Much hinges on how Arthur Boyd endowed his Australian motifs with symbolic qualities. Recasting the traditional dove symbol for the Holy Spirit, he sometimes has cockatoos and native birds allude to a spiritual presence. Two of these white winged creatures fly over the imploring mob, one visibly heading to the crucified figure. And the biblical image of a ram by a bushy thicket (an allusion to the ram sacrificed by Abraham) was on the way to becoming the artist's symbol for manifest evil, Boyd having its horns invariably curling like serpents. This ram figures at four different points in this pictures. One appears cavorting to the left of the cross, another ram nuzzles a ewe in the lower right corner, a figure on the lower edge in the centre holds an ominous dark ram to himself, and a small ram can be distinctly made out amidst the mob in the upper centre.

    The closer we inspect The mourners, the more an implicit symbolism to Arthur Boyd's apocalyptic imagery comes forth. Like how he stresses this world is wounded by making the trees immediately behind the cross lifeless and dead. But there is hope. As in many Boyd paintings of the war period, a pair of lovers is placed beneath a large dead tree to signify renewal, fertility and the restorative qualities of divine love. His message is direct: love will conquer evil. Boyd even makes these lovers a bridal couple, giving the bride a long white veil that spills down onto Christ's cross — in so doing the artist introduces what would later become a signature image in his work, the bride. And through compositional doubling, the young bridal couple effectively mirror and invert an older distressed couple: the lovers appear just about the left side of the cross, and the older anguished couple to the right side just below Christ's pierced hand. A generation that has experienced horrors and pain is thereby shown to be succeeded by a younger generation that will rebuild and renew.

    Looking to the design techniques of the Old Masters, Arthur Boyd adds to this positive message by employing visual echoes further down. Beside the foot of the cross he has placed the traditional image of the distressed Mary being comforting by St John, a motif which also contrasts with the bridal couple directly above. Indeed, the artist uses the Renaissance convention of stressing this section by having two more figures in the lower left corner gesture and point to the mourners, thereby directing the viewer to look and see this message.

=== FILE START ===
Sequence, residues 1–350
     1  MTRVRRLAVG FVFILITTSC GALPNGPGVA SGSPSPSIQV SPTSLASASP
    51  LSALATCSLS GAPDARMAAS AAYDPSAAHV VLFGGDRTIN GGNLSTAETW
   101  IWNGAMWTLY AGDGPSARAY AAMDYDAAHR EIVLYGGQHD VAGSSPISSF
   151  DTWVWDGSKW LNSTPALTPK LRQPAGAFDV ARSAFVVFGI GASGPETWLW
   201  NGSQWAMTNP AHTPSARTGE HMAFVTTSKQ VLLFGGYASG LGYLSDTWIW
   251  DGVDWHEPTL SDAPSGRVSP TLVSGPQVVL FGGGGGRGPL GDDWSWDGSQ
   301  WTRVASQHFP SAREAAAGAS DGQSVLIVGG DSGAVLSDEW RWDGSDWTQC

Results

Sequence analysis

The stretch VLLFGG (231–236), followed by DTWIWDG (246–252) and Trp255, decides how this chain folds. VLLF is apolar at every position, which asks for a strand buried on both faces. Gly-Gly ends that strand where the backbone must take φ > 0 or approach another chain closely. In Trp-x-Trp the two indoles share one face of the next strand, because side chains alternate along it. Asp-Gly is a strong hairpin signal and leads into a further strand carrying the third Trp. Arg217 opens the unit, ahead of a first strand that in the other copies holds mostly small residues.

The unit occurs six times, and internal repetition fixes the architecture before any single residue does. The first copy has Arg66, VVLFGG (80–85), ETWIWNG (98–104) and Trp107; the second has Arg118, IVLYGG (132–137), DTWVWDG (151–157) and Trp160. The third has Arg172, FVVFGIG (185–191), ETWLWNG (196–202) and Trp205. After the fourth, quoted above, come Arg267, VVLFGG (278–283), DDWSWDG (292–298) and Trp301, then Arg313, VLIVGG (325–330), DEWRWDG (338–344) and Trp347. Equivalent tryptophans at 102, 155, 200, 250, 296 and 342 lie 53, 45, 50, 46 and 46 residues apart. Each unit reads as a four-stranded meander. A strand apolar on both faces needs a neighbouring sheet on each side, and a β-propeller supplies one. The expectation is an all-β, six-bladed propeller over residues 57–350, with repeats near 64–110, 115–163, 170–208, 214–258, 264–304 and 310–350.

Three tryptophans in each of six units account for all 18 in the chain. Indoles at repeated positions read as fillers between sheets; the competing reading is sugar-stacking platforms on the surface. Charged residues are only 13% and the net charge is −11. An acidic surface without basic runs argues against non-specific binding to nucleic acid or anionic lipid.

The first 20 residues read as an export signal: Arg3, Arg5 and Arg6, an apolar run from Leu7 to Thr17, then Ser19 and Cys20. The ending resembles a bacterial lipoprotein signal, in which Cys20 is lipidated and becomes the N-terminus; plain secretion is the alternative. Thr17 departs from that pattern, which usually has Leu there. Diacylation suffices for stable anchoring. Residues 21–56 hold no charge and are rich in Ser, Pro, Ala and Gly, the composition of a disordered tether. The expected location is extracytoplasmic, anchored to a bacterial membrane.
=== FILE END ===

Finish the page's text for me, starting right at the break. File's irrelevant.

The meaning of the painting was not entirely self-contained however, because in it Boyd was giving a potent thumbs down to the art that had been officially favoured on the Melbourne scene for some years. The mourners is compositionally based upon Norman Lindsay's early work Pollice verso 1904, which was then hanging in the National Gallery of Victoria: the use of a gully, the glowering skies, the crucifixion at left, and the crowds banked at right were unmistakable to local painters. But the modernist is doing more than 'quoting' the format of the Edwardian composition: he is replying to an argument. Where Lindsay, a zealous advocate for the philosopher Nietzsche, had used his mocking piece to argue for Dionysian excess and the abandonment of moral constraint, Boyd points to the intense suffering these Germanic ideas have lead to. An evil war has taken place. This is probably the cryptic meaning admired by early viewers of The mourners: Arthur Boyd's crowd have discovered the reality of suffering and intense pain, where Norman Lindsay's massed Olympians had only jeered and mocked.

    As in several pictures by Boyd at this time, some of the closest figures also appear to be sly images of the artist's friends. The curly haired, pointing young girl on the lower left recalls his portrait of Betty Burstall, and the gesturing young man with closed eyes at the foot of the ladder resembles several drawings of Boyd's brother-in-law John Perceval.

    A landmark painting in Australian modern art, The mourners sees Arthur Boyd grappling with the great moral questions of the war years.

    Dr Christopher Heathcote

    1 Franz Philipp, 'On Three Paintings by Arthur Boyd,' Present Opinion, vol. 2, 1947, pp. 9-10; Barry Pearce, Arthur Boyd, Art Gallery of New South Wales, Sydney, 1994, pp. 16-7